European Union Consumes Nations, Threatens U.S.


Europe as we have known it is disappearing. Soon
there will be no France, no Germany, no Italy, no
Austria, no Spain, no Denmark, no Belgium, no Holland,
no Greece, no Ireland, no Great Britain. Every country
will be gone. In their place will be the

European Union.

The sovereign countries of continental Europe and

Great Britain
are products of unique histories and
rich cultural distinctiveness. Each country`s language,
art, literature, philosophy, music, architecture,
cuisine, and mores reflects the uniqueness of each
country`s history.

This amazing diversity is to be replaced with an
artificial creation that has no history and no language.
What is the European Union but a centralized bureaucracy
with a monetary unit?

What explains this amazing demise of countries,
which, hitherto, were staunch guardians of their
national identities?

The initial impetus came from the free trade belief
that dismantling tariff boundaries would prevent wars by
creating economic interdependence through the European
Common Market. From this common market would come more
wealth and prosperity to aid the postwar reconstruction
of Europe and to thwart communist expansion.

Once the Common Market was underway, other arguments
and developments turned a plan for economic integration
into political union.

Arguments were made that free trade would have
differential effects and be unfair unless countries had
comparable tax, monetary and budgetary policies. The
implication was extra-national law and a common
currency.

French fear of Germany fueled determination to bind
the countries in political union.

Intellectual and propagandistic assaults on
“chauvinistic” national identities eroded country
loyalties, while rising anti-Americanism produced a
desire for a European superstate capable of resisting
U.S. pressures.

Britain`s uncertainty of its place in the world,
together with the Labour Party`s program of dismantling
traditional England, placed the U.K. in European hands.

The finishing touch to the demise of the sovereignty
of European countries is being supplied by a centralized
European bureaucracy. Technically, the European Union is
a treaty arrangement entered into by sovereign states.
But in fact, the European Commission and a European
“court” created to arbitrate disputes are creating
European law and ruling by edicts. Witness the
extraordinary fact that European Union law exists
prior to the existence of the European Union state.

The European Union is creating itself by successfully
exercising power. Various member countries complain and
kick up a fuss, but EU edicts are regularly followed.

For example, since the dawn of aviation, sovereignty
has meant the right of a country to control its own air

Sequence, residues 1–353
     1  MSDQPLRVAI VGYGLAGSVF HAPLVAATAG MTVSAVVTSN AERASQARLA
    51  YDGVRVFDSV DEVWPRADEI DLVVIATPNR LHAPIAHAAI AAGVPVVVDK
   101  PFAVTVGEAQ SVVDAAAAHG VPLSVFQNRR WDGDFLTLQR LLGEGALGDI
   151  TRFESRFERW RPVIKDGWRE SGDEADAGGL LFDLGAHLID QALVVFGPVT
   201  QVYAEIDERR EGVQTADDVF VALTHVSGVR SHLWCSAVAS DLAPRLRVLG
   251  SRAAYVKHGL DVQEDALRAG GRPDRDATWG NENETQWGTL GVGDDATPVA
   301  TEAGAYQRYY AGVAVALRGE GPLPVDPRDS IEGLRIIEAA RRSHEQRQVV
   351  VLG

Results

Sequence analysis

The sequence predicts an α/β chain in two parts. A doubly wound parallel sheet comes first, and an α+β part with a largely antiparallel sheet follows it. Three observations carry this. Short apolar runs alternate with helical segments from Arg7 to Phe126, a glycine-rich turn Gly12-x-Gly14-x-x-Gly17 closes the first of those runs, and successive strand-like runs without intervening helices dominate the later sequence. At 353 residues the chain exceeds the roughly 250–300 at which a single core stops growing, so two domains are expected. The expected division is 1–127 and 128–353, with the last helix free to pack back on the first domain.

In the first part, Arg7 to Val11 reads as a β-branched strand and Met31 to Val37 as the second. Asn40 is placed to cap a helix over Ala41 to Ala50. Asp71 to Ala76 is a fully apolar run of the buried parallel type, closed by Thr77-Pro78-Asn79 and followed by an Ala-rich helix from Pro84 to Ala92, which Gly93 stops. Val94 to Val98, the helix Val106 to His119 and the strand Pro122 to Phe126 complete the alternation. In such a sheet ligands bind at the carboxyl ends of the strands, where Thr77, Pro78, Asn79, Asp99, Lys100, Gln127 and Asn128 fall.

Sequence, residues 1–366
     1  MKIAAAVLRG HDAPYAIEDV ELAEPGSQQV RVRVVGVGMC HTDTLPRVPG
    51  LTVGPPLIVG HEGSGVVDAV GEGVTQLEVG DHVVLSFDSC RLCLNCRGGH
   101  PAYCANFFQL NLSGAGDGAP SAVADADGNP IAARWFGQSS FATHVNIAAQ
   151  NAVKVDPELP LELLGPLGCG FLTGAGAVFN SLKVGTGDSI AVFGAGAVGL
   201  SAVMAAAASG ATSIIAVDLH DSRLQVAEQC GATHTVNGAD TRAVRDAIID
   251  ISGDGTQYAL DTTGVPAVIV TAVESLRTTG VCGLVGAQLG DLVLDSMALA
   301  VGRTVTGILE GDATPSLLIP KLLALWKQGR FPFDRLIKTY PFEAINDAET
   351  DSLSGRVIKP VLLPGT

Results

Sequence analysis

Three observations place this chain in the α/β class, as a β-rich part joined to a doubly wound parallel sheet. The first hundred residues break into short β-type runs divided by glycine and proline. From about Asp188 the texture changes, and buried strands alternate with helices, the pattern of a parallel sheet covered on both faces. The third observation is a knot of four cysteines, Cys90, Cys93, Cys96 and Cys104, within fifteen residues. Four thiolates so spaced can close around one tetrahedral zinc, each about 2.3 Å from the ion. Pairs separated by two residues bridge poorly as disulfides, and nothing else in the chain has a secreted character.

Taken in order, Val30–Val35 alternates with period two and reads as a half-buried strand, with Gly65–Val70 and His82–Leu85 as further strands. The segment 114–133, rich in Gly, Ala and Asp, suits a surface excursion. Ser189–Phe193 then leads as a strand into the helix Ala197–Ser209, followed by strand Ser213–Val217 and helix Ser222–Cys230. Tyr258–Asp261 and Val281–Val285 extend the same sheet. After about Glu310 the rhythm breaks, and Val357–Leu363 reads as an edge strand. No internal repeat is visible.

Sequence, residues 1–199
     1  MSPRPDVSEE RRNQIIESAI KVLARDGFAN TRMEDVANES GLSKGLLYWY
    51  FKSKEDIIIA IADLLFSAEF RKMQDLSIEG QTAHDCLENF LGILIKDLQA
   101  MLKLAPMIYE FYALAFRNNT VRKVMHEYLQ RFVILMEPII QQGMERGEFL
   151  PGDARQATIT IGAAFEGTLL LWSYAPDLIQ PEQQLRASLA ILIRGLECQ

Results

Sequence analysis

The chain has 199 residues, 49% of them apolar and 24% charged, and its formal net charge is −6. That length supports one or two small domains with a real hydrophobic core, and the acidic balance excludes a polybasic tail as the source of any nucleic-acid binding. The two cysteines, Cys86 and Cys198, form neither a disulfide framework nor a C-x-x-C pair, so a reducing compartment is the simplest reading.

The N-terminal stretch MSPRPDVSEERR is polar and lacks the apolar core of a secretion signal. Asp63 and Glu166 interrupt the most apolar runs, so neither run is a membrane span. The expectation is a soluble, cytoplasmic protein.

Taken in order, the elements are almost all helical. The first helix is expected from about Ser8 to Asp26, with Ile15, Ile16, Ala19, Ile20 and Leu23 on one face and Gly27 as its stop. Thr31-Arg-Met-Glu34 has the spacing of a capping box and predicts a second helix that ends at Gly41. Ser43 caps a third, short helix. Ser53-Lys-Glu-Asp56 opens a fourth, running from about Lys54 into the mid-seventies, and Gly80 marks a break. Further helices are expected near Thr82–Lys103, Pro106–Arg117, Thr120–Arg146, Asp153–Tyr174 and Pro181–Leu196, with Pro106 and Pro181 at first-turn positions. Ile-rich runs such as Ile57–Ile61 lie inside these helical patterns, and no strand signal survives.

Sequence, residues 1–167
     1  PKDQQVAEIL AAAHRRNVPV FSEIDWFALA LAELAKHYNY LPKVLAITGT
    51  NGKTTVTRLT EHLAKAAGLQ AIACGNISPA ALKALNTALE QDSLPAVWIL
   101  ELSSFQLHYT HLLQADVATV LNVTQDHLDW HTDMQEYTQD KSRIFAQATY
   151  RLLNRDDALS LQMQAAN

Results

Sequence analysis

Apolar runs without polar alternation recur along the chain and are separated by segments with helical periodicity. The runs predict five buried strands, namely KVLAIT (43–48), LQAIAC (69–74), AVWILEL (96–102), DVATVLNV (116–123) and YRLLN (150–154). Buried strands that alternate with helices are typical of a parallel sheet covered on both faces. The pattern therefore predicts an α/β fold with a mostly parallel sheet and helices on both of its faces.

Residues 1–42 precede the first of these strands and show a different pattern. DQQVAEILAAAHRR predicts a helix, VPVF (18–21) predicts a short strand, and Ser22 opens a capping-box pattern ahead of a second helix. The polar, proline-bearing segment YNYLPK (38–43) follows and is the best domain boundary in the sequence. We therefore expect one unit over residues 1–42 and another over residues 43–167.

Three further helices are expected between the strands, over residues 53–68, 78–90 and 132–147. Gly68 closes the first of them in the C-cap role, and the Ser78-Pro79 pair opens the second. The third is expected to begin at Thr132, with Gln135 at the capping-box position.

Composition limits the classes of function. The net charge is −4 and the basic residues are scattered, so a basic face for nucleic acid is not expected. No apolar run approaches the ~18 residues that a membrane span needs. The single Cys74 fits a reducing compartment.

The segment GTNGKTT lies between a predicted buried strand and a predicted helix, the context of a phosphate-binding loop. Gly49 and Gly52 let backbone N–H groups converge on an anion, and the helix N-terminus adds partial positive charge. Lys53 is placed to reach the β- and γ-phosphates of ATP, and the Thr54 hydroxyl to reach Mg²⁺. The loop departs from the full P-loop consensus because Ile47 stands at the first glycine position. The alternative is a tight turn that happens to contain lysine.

space and the landing rights of foreign airlines.
Recently, the “European Court”

ruled
that member countries had, unbeknownst to
themselves, given up the right to enter into treaties
relating to air service and declared all existing
agreements null and void. The “court” asserted that
sovereignty over airspace resided in the European
Commission.

British opponents to European Union

argue
that constitutionally a British government
cannot surrender Britain`s sovereignty to the European
Union and that any such transfer is an act of

treason
.

These opponents, many of them legally learned, might
well be correct. However, the test of sovereignty under
international law is given by the answer to the
question: “Are the edicts of the European Union
regularly followed in the territories over which the EU
claims governance?” If the answer to this factual
question is “yes,” then the European Union is the
sovereign.

Many wonder what public choice model or theory of
government behavior explains the willingness of national
politicians to give up power by ceding sovereignty to
the European Union. The surrender of sovereignty has
dire implications for the British, because it means the
end of the

due process
,

habeas corpus
and

trial by jury
– protections to which they are

accustomed
.

For the U.S. it means the loss of our most important
ally and the rise of a competitive state and reserve
currency.

Blind to the challenges that Europe will soon be
hurling, the U.S. is preoccupied with Iraq, an
insignificant state that can project neither military
nor economic power.

No politician comprehends the implications of the
demise of European sovereignties. Gabriel Kolko in his
latest book,

Another Century of War?
,
puts his finger on the
problem:

“Those who become the
leaders of states are ultimately conformists on most
crucial issues, and individuals who evaluate information
in a rational manner–and therefore frequently criticize
traditional premises–are weeded out early in their
careers.”

Thus does the U.S. initiate war in the Middle East
while ignoring the rise of major rivals, China and the
European Union, capable of terminating U.S. hegemony in
the Pacific and the Atlantic.

Paul
Craig Roberts is the author with Lawrence M. Stratton of


The Tyranny of Good Intentions : How Prosecutors and
Bureaucrats Are Trampling the Constitution in the Name
of Justice
. Click

here
for Peter
Brimelow`s
Forbes
Magazine interview with Roberts about the recent
epidemic of prosecutorial misconduct.

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